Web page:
Triangulation fraud provides a great example of the kind of ingenuity criminals employ when finding new ways to scam consumers, businesses and financial institutions.
All at once it exploits the continuing trend for online shopping, the desire consumers have for bargains and hard-to-get items, and the relative anonymity of life online.
How Does Triangulation Fraud Work?
It’s hard on some level not to be impressed by the mechanics of triangulation fraud. The first fraudster who thought of it perhaps wondered if they’d invented “the perfect crime.”
But it’s not all bad news. As this type of scheme became more popular, fraud analysts found ways to mitigate against it. As SEON’s breakdown of fraud prevention platforms explains, chargebacks are one reason why triangulation scams can be so harmful for merchants.
However, the same type of solutions that help prevent fraudulent chargebacks can assist us in tackling triangulation fraud.
These fraudulent schemes work like this:
- A fraudster lists a desirable item on a marketplace site like eBay. Popular choices include trending items, such as new games consoles or laptops. These items are often marketed at an appealingly low price. Even though eBay warns consumers about “heavily discounted or sold-out items,” the demand is always there. The exact item is immaterial—the scam works so long as somebody wishes to buy it. Criminals can quickly lay the foundations of legitimacy by selling a few low-cost items first, ensuring they have a solid feedback profile.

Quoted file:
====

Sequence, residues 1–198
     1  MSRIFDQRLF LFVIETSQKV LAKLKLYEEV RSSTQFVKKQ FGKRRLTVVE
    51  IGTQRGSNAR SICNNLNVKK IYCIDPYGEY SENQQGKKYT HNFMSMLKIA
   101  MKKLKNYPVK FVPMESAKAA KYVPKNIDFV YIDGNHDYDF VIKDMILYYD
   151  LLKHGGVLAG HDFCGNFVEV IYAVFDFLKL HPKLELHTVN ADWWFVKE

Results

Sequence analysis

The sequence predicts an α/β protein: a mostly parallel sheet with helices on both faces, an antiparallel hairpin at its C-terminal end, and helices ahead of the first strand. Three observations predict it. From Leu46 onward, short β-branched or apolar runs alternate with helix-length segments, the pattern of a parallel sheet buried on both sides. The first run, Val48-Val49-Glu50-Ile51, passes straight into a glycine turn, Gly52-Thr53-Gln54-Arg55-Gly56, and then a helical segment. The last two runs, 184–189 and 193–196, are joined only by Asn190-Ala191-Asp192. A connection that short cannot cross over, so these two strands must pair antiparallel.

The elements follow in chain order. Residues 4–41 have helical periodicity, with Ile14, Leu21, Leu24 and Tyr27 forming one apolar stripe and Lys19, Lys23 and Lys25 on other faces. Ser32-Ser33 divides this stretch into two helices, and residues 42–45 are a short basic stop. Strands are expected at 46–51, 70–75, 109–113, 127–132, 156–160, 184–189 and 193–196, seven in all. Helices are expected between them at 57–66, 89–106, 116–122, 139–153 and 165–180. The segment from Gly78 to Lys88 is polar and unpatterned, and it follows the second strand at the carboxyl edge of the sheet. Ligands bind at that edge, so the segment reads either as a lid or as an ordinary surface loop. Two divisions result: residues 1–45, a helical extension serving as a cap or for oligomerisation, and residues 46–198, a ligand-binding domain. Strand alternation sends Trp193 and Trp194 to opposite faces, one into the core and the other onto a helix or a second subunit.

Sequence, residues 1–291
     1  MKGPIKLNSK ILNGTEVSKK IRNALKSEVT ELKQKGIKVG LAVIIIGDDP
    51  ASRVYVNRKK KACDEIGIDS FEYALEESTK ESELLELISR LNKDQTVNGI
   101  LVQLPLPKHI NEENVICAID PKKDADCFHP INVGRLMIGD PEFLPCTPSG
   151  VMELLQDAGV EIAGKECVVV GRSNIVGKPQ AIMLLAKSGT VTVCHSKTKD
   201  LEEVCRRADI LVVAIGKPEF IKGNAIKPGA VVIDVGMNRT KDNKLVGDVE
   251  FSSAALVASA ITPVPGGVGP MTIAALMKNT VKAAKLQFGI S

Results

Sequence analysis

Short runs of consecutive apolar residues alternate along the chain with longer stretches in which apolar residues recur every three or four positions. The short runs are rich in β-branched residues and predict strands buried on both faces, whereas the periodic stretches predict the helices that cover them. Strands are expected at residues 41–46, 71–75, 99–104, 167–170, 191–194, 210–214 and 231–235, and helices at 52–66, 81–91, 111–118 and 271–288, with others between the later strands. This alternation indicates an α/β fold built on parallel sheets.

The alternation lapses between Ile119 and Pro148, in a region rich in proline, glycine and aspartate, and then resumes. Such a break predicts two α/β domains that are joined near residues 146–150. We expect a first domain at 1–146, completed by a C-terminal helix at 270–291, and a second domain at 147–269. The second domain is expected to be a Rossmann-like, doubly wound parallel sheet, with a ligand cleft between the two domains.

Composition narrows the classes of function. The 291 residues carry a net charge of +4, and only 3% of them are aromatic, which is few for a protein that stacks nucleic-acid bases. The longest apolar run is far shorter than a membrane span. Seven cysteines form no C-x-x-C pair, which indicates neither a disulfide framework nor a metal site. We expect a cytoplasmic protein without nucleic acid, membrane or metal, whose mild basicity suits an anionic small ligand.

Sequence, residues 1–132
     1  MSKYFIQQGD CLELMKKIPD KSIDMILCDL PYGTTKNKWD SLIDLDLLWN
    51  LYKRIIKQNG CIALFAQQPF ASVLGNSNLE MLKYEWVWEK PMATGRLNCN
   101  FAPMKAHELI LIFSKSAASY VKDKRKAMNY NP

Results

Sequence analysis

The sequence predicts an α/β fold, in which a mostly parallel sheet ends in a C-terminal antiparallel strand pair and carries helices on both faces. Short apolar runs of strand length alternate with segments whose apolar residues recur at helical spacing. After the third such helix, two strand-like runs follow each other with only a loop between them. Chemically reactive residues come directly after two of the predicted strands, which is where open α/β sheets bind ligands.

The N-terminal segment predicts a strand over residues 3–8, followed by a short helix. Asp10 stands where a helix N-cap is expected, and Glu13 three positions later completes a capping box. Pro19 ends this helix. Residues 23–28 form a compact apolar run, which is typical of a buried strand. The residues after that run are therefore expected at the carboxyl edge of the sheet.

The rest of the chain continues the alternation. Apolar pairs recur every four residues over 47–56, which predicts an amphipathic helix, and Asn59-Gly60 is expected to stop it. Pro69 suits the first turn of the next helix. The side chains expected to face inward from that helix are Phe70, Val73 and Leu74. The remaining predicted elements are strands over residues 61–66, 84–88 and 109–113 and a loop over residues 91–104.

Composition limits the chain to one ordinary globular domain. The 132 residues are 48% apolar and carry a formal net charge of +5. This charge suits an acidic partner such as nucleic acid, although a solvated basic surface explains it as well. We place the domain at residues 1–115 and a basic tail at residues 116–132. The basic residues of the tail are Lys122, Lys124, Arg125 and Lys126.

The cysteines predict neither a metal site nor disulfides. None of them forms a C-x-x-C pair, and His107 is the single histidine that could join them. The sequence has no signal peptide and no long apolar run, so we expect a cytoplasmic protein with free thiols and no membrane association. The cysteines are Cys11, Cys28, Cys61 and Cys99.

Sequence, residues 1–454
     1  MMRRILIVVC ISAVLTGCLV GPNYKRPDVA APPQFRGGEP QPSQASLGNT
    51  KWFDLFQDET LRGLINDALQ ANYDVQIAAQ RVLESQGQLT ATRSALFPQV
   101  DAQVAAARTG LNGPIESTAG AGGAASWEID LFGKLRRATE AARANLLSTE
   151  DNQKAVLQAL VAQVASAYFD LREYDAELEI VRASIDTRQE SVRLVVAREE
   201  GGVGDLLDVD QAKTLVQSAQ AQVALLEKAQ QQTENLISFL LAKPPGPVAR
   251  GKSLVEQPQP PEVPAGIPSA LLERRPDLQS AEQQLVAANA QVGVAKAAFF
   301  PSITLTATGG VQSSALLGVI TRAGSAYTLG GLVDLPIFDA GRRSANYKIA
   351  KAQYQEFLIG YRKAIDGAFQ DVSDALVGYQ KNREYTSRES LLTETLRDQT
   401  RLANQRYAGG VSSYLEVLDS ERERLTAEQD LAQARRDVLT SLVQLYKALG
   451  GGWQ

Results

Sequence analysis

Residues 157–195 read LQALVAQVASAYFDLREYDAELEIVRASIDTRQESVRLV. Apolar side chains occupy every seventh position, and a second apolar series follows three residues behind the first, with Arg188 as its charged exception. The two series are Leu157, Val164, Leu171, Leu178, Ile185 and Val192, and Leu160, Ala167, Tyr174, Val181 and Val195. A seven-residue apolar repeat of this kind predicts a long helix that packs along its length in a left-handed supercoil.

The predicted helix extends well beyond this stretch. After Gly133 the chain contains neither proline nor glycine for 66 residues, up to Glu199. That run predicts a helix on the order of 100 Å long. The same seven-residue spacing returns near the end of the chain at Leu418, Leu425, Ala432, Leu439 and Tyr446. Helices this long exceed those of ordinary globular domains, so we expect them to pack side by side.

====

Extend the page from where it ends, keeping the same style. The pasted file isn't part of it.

- A genuine buyer comes along and buys the item. They pay, and the fraudster receives the money.
- The criminal then buys the item from a legitimate e-commerce site but pays with a stolen card. They give the original buyer’s address as the delivery address.
- The item is sent out from the online store to the marketplace buyer, without ever reaching the fraudster. The fraudster may even go as far as providing the tracking information.
- The buyer receives the item and is delighted. They’ve obtained the item they wanted at a good price and now perceive the seller as professional and efficient. They may well leave positive feedback, further enhancing the criminal’s marketplace reputation.
- Shortly afterward, the owner of the stolen card notices the transaction and complains to the card issuer. A chargeback process begins.
- The merchant that actually shipped the item loses out and has to pay the chargeback fee. Even if they manage to trace their way back to the marketplace seller, that individual will ignore their contacts or will, by then, be doing it all over again with a new account.
Triangulation fraud isn’t new. Back in 2020, Kinsta listed it as one of the worst e-commerce fraud scams. However, it started out as something simpler.
The early version of the scam involved a marketplace seller listing something not in their possession at an inflated price, before buying it cheaper elsewhere—essentially nothing more than “buy low, sell high,” which is a form of arbitrage.